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Discovering Black Vermont

African American Farmers in Hinesburgh, 1790-1890

Elise A. Guyette

Publication Year: 2010

An impressive work of historical recovery, Discovering Black Vermont tells the story of three generations of free blacks trying to build a life and community in northern Vermont in the years following statehood. By piecing together fragments of the history of free blacks in Vermont--tax and estate records, journals, diaries, and the like--the author recovers what is essentially a lost world, establishing a framework for using primary sources to document a forgotten past. The book is an invaluable resource for those conducting local history research and will serve as inspiration for high school and college students and their teachers.

Published by: University of Vermont Press

Cover

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pp. c-ii

Title Page

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pp. iii-vi

Contents

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pp. vii-viii

Illustrations

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pp. ix-x

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Preface

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pp. xi-xvi

More than a dozen years ago, I discovered that a black family, the Williamses, had moved to South Burlington, Vermont, in 1865 and farmed land not far from where I lived. Having studied the Vermont census reports from 1790 to 1870, I knew that it was unusual for a family of color to own farmland in Vermont at that time. Only 4 percent of black farmers owned land, as compared to 32 percent for the total population....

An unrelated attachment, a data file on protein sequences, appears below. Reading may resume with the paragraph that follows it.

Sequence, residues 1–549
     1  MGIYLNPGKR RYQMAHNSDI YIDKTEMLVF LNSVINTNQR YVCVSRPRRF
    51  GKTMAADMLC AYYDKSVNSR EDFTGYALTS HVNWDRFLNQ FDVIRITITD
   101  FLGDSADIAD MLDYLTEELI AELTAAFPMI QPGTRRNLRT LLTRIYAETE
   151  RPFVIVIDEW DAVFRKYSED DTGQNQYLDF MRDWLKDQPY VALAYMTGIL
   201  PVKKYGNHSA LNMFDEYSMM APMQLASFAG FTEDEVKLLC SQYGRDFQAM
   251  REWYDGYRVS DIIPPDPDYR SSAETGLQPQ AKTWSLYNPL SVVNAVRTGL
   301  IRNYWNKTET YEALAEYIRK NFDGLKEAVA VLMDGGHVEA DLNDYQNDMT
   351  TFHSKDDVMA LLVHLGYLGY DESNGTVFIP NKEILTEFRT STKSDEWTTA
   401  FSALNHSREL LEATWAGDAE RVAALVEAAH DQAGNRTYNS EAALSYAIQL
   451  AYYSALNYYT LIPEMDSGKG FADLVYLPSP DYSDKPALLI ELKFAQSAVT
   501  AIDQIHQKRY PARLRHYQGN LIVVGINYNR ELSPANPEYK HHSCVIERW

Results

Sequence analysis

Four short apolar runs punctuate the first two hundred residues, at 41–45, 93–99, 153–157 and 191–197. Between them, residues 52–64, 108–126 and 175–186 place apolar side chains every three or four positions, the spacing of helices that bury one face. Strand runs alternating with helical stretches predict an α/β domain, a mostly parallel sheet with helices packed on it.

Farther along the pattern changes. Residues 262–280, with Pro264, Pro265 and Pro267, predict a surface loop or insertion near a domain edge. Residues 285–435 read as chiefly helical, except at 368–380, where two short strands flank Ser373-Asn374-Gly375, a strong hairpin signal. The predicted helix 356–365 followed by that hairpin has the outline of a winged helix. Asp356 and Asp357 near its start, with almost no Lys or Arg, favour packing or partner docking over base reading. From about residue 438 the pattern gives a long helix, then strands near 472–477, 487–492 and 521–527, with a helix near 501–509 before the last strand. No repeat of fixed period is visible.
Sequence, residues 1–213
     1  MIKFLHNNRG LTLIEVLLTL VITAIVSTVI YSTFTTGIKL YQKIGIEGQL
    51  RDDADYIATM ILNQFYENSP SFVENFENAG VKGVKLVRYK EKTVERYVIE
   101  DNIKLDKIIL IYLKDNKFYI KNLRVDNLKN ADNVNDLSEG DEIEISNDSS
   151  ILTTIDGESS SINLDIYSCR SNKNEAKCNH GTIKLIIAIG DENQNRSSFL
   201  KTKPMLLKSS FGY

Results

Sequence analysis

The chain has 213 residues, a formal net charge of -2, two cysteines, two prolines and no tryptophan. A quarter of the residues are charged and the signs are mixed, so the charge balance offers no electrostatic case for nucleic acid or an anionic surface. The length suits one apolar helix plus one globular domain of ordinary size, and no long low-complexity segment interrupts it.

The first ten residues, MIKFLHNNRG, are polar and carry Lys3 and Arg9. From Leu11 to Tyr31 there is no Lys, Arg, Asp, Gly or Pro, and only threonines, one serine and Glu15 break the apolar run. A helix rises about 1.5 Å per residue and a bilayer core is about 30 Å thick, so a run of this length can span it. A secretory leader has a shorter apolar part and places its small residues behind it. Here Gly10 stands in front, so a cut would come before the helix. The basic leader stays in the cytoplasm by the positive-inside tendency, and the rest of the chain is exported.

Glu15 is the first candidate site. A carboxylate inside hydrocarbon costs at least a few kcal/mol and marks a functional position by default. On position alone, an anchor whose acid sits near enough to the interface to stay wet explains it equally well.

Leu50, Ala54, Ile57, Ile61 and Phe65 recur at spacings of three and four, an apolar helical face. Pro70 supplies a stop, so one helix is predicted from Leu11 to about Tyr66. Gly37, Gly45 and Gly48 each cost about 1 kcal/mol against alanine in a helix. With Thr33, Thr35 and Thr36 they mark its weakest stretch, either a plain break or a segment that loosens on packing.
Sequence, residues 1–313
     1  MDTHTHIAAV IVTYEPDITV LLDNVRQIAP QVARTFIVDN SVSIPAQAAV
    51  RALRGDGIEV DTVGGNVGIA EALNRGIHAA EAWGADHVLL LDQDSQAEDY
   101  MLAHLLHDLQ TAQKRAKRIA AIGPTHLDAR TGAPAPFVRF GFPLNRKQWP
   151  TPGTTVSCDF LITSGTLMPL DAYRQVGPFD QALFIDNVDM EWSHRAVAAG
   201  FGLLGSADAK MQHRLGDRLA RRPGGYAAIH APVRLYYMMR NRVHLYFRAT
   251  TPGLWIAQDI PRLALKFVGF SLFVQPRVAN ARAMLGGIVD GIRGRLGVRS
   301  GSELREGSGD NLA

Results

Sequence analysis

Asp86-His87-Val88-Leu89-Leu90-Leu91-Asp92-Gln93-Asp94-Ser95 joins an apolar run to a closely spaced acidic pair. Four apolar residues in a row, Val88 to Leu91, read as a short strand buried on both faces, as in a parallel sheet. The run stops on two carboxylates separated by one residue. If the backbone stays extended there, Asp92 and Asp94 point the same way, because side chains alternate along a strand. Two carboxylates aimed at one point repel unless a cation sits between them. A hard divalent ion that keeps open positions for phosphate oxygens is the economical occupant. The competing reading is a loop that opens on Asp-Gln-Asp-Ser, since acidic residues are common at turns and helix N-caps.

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Introduction

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pp. 1-15

We drove slowly up the wooded dirt road, scattered with crumbling stone walls and arthritic apple trees barely visible through the underbrush, to what used to be called “the old Negro burying ground.” As I studied the landscape, I became increasingly excited about exploring the remnants of an older world that coexists with our contemporary one. This isolated Vermont...

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1 | Founding Mothers and Fathers of the Hill, 1790s–1800s

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pp. 16-34

Shubael Clark paused his horse at the bottom of the Hill and studied the 2,000-foot rise that was darkened by a canopy of old-growth beech and maple trees, many six feet around, that prevented the sunshine from reaching the forest floor.1 Mushrooms and mosses grew profusely in the moisture that never leaves woodlands like this. He had ridden north from Monkton to Hinesburgh on a well-used path; the mud was a foot...

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2 | Peaks and Valleys on the Hill Farms, 1810s–1820s

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pp. 35-58

From statehood to 1810, Vermont was the fastest-growing state in the union, increasing from a population of 85,000 in 1791 to about 218,000. Most migrants were farmers, and many, like the Clarks and Peterses, made permanent homes in the Green Mountains. However, as the once thick forest humus was burned, leached, and cropped off, the soil lost its fertility, and farms became less productive. As a result, Vermont became...

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3 | Life and Death on the Hill, 1830s–1840s

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pp. 59-87